Consumer giant to close Shelton office, move jobs to NJ
Unilever is closing its Shelton office, with 45 employees to be transferred to its U.S. headquarters in Englewood Cliffs, N.J., and another 90 being laid off over the coming year after they chose not to move to New Jersey.
It is the latest development in what has been a continued whittling of Unilever’s Connecticut presence. A decade ago the company had more than 1,100 employees at a sprawling Trumbull campus, focused on research and development of personal products along with marketing.
The town of Trumbull reported Unilever’s workforce there at 400 people as of last summer.
Through an external public relations firm, Unilever declined to provide details of the planned closure of the 3 Corporate Drive office in Shelton, a development of R.D. Scinto Inc. The company disclosed the decision in a filing with the Connecticut Department of Labor.
In 2006, Unilever designated Englewood Cliffs, N.J., as its central U.S. corporate office, with the company shifting hundreds of jobs there over the next two years from its former Greenwich office while expanding its Trumbull site with additions from Clinton, Edgewater, N.J., and Rolling Meadows, Ill. The company has dual headquarters in London and Rotterdam.
Former Connecticut Attorney General George Jepsen sued Unilever in 2009 over wastewater releases in Clinton that allegedly violated state environmental rules. As part of a settlement, Unilever underwrote the $2.5 million creation of the Connecticut Institute for Resilience & Climate Adaptation at the University of Connecticut, along with $1 million more for the town of Clinton.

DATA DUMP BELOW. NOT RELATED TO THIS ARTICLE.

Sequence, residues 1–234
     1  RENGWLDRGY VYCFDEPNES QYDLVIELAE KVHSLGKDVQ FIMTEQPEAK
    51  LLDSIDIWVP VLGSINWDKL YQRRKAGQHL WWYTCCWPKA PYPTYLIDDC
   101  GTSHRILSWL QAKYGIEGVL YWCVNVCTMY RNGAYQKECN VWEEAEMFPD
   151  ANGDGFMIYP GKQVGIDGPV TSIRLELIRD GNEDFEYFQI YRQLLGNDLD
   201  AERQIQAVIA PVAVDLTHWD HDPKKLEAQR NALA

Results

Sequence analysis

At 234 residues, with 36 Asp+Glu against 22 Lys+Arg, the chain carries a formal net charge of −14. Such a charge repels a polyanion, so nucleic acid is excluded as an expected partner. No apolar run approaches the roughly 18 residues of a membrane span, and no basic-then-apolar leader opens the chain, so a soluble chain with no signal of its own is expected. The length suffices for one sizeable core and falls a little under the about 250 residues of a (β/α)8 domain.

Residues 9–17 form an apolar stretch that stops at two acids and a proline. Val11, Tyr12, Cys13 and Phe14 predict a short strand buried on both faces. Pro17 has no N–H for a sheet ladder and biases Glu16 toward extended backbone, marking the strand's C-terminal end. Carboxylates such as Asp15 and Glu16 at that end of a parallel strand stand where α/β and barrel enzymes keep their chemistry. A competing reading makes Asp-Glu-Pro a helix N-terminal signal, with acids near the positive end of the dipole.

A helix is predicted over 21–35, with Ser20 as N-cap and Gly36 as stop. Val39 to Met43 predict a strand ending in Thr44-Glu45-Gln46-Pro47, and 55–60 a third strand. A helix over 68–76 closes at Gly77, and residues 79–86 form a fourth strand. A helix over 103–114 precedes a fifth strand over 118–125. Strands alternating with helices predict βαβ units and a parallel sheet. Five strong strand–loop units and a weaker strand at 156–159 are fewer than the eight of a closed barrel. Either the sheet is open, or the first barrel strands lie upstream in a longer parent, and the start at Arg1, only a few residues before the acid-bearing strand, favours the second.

Unilever picked up its Connecticut operations in its 1986 acquisition of Chesebrough-Pond’s, with its Trumbull research center continuing to focus on its Pond’s brand of facial cleansers and lotions as well as Dove and Lever 2000 soap, Axe and Degree deodorant, Suave shampoo, Q-Tips swabs and Vaseline. Unilever would spin off its laundry business as an independent company called Sun Products, based in Wilton, which Henkel acquired four years ago and relocated to a new U.S. head office in Stamford.
Unilever remains the fourth largest consumer products company in the world today after Nestle, Procter & Gamble and PepsiCo, with its portfolio including ice cream brands Ben & Jerry’s, Breyers, Good Humor, Klondike and Magnum, which have sold well since the imposition of “stay-at-home” orders by governors nationally.
With U.S. households stocking up on essentials in the early weeks of the pandemic, Unilever recorded a nearly 10 percent increase in North American sales in the first half of this year, to $3.3 billion. On a conference call last week, CEO Alan Jope indicated that while panic-buying has eased, the company is still playing catch-up for some products.
“We’re struggling slightly to keep up with demand in North America,” Jope said. “We’ve addressed the hot spots. ... We’re seeing tremendous strength in hygiene and skin cleansing.”
Alex.Soule@scni.com; 203-842-2545; @casoulman